Shiite Hezb'allah and Sunni Salafis sign accord

Rick Moran
If I had a dime for every time some "expert" told us that the idea of Shia Iran working with Sunni al-Qaeda was preposterous because SUNNIS AND SHIAS HATE EACH OTHER AND WOULD NEVER WORK TOGETHER IN A MILLION YEARS!

My how time flies:

Amidst a growing world crisis, new developments in Lebanon may signal what lies ahead in the sphere of global jihadist forces in the near future. A memorandum of understanding has been signed by Hezbollah, the main pro-Iranian organization in the region, and a number of Salafist groups outlining efforts to "confront America."


Innocent minds may question how that impacts our lives. However, events that unfold in Beirut have a direct effect on the war on terror, or to be more precise, on the jihadist war on democracies. Here is why:

Frequent AT contributor Dr. Walid Phares is the author of this article, appearing in the Middle East Times. I will not quote extensively from it, wishing only that you read the entire excellent piece, but this little bit should open some eyes of those predisposed to disbelieve an alliance between Islamic radicals regardless of their sect:

Undoubtedly, the consequences of this event will be filled with strategic implications. Certainly this joint declaration is only between a number of Salafist groups, not the entire tree, let alone the Wahhabi Muslim Brotherhood web on one hand and Hezbollah; it remains confined to Lebanon; we're not dealing with an all-out two-trees jihadist merge.


Far from that, what we're witnessing is a massive move on behalf of one tree, the Khomeinists, to connect to some branches of the Salafist tree.


These attempts aren't new, for Iran has been funding "Sunni" Hamas and Islamic Jihad for decades. And the Syrian regime has been controlling Sunni-Salafist satellites for years.


Fatah al-Islam, a Salafist combat group which fought the Lebanese army during the summer of 2007 has been released from Syria into northern Lebanon. But all of these relationships were not declared openly nor were they organized officially.


The Salafist-Hezbollah agreement in Lebanon is a novelty from which there are a number of lessons to be learnt:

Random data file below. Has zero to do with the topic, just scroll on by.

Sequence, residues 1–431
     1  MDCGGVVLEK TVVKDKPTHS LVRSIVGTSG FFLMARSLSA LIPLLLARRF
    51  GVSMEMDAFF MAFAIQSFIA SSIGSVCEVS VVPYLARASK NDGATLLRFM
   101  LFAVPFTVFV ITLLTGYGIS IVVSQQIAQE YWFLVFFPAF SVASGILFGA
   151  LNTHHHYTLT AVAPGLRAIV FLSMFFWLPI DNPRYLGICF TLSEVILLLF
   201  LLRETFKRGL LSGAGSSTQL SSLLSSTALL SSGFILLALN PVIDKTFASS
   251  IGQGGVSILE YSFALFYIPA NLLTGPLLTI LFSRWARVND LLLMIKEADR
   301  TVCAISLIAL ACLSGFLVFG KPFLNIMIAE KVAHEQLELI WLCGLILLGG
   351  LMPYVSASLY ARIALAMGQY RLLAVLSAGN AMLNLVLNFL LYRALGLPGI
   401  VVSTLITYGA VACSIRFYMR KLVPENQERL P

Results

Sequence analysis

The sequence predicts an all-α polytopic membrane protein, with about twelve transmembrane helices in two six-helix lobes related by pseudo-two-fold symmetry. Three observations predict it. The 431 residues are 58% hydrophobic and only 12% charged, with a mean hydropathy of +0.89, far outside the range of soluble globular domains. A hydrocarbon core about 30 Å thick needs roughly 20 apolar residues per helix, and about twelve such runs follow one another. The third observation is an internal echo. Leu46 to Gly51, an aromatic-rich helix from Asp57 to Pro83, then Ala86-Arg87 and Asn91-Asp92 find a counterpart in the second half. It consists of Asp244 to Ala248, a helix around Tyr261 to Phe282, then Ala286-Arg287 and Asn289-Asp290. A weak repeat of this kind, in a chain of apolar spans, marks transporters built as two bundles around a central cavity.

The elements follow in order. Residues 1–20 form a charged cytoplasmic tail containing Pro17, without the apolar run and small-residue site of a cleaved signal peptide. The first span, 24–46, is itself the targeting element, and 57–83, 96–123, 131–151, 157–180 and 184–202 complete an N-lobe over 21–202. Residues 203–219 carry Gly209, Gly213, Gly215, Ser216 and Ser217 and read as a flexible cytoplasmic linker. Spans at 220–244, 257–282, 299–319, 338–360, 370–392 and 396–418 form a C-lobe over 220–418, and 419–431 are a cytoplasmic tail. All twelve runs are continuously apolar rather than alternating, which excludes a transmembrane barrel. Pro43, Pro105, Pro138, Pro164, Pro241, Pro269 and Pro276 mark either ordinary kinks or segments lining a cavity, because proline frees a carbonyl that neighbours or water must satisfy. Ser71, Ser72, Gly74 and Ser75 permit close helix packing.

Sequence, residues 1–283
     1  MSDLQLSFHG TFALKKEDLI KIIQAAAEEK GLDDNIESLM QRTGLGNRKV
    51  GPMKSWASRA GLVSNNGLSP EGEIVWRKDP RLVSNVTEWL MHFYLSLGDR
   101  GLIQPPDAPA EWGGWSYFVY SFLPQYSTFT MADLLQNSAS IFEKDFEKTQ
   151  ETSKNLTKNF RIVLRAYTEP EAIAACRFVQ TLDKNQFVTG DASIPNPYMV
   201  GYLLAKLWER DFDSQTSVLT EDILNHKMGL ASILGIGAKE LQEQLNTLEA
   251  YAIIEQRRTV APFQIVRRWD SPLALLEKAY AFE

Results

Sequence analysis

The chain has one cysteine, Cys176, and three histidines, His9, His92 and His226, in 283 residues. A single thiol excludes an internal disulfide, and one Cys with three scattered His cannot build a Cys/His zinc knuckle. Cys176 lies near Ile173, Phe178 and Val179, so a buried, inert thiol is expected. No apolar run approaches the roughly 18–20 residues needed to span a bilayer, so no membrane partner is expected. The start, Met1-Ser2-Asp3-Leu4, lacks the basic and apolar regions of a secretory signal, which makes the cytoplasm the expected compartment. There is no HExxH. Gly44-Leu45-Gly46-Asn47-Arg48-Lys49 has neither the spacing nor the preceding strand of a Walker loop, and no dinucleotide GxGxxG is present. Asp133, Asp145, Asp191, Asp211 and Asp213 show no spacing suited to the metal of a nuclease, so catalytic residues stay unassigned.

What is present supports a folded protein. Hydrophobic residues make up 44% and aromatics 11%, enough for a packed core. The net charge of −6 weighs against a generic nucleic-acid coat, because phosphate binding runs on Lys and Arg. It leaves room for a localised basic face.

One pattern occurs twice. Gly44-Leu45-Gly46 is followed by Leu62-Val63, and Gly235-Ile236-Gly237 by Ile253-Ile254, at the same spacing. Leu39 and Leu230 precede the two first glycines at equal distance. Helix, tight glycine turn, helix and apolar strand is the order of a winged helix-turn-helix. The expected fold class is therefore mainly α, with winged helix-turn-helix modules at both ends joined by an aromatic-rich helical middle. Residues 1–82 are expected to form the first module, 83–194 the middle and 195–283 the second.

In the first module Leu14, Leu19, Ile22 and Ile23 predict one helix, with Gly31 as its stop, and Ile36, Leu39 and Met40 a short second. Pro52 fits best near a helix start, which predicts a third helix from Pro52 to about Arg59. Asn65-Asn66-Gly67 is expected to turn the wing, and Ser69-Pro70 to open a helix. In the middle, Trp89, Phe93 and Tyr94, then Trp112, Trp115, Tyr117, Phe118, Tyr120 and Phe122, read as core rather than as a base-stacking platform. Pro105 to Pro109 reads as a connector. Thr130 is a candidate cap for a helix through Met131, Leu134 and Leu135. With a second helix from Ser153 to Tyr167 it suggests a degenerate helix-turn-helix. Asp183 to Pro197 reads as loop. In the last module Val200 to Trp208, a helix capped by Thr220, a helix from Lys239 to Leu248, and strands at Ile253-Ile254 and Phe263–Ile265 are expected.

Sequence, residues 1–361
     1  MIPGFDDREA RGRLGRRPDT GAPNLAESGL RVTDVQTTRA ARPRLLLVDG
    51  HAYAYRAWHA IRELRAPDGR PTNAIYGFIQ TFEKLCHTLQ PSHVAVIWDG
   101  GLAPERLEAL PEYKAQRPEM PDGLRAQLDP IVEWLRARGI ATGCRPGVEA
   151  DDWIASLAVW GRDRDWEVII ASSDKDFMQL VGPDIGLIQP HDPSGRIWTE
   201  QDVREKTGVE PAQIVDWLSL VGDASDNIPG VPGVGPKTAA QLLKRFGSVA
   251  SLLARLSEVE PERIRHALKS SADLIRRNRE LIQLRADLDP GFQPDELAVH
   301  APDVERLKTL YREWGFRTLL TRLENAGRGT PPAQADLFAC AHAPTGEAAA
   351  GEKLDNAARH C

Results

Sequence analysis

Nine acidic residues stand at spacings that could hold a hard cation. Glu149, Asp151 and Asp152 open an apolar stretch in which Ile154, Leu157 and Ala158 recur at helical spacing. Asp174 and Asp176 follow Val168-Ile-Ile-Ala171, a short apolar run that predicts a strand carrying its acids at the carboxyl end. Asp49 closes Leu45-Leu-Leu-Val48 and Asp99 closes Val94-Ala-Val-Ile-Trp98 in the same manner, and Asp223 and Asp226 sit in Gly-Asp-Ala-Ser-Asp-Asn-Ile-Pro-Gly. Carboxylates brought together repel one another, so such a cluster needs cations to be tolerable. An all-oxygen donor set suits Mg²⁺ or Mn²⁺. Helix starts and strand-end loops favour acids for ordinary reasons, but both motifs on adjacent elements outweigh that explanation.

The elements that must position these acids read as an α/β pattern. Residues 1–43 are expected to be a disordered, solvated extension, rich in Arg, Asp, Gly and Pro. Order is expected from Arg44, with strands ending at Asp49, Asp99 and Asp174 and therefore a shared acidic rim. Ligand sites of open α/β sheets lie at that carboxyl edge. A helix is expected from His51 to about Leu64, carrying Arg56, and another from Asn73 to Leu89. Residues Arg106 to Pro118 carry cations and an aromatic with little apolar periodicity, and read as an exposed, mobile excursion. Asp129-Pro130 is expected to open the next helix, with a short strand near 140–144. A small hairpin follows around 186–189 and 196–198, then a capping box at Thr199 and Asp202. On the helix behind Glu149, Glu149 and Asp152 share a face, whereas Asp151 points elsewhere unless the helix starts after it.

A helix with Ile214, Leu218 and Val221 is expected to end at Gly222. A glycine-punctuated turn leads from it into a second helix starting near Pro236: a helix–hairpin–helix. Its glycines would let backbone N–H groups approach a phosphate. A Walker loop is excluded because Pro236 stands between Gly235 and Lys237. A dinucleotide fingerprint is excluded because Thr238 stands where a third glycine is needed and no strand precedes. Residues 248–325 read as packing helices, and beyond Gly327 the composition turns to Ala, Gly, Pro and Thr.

Iran is beginning to boldy reach out and attempt a unification of all the American hating jihadists, bringing them under one roof so to speak. This can only mean bad news for the west and especially bad news for America as Iran now seeks to assert itself in the Middle East and beyond.

Read all of Dr. Phares article.
If I had a dime for every time some "expert" told us that the idea of Shia Iran working with Sunni al-Qaeda was preposterous because SUNNIS AND SHIAS HATE EACH OTHER AND WOULD NEVER WORK TOGETHER IN A MILLION YEARS!

My how time flies:

Amidst a growing world crisis, new developments in Lebanon may signal what lies ahead in the sphere of global jihadist forces in the near future. A memorandum of understanding has been signed by Hezbollah, the main pro-Iranian organization in the region, and a number of Salafist groups outlining efforts to "confront America."


Innocent minds may question how that impacts our lives. However, events that unfold in Beirut have a direct effect on the war on terror, or to be more precise, on the jihadist war on democracies. Here is why:

Frequent AT contributor Dr. Walid Phares is the author of this article, appearing in the Middle East Times. I will not quote extensively from it, wishing only that you read the entire excellent piece, but this little bit should open some eyes of those predisposed to disbelieve an alliance between Islamic radicals regardless of their sect:

Undoubtedly, the consequences of this event will be filled with strategic implications. Certainly this joint declaration is only between a number of Salafist groups, not the entire tree, let alone the Wahhabi Muslim Brotherhood web on one hand and Hezbollah; it remains confined to Lebanon; we're not dealing with an all-out two-trees jihadist merge.


Far from that, what we're witnessing is a massive move on behalf of one tree, the Khomeinists, to connect to some branches of the Salafist tree.


These attempts aren't new, for Iran has been funding "Sunni" Hamas and Islamic Jihad for decades. And the Syrian regime has been controlling Sunni-Salafist satellites for years.


Fatah al-Islam, a Salafist combat group which fought the Lebanese army during the summer of 2007 has been released from Syria into northern Lebanon. But all of these relationships were not declared openly nor were they organized officially.


The Salafist-Hezbollah agreement in Lebanon is a novelty from which there are a number of lessons to be learnt:

Iran is beginning to boldy reach out and attempt a unification of all the American hating jihadists, bringing them under one roof so to speak. This can only mean bad news for the west and especially bad news for America as Iran now seeks to assert itself in the Middle East and beyond.

Read all of Dr. Phares article.